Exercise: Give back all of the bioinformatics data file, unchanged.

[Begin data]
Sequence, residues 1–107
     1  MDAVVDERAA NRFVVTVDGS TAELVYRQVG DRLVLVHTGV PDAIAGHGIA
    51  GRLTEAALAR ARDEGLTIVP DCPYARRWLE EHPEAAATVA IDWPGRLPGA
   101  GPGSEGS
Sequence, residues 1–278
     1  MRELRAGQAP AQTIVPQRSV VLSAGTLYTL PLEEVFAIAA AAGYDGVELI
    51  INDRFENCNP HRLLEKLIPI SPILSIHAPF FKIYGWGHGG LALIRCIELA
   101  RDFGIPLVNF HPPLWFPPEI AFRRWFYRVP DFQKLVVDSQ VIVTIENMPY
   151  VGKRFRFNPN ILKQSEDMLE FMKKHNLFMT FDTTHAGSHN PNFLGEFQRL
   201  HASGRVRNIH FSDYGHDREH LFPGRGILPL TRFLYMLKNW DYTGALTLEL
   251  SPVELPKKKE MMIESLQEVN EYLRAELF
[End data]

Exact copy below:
Sequence, residues 1–107
     1  MDAVVDERAA NRFVVTVDGS TAELVYRQVG DRLVLVHTGV PDAIAGHGIA
    51  GRLTEAALAR ARDEGLTIVP DCPYARRWLE EHPEAAATVA IDWPGRLPGA
   101  GPGSEGS
Sequence, residues 1–278
     1  MRELRAGQAP AQTIVPQRSV VLSAGTLYTL PLEEVFAIAA AAGYDGVELI
    51  INDRFENCNP HRLLEKLIPI SPILSIHAPF FKIYGWGHGG LALIRCIELA
   101  RDFGIPLVNF HPPLWFPPEI AFRRWFYRVP DFQKLVVDSQ VIVTIENMPY
   151  VGKRFRFNPN ILKQSEDMLE FMKKHNLFMT FDTTHAGSHN PNFLGEFQRL
   201  HASGRVRNIH FSDYGHDREH LFPGRGILPL TRFLYMLKNW DYTGALTLEL
   251  SPVELPKKKE MMIESLQEVN EYLRAELF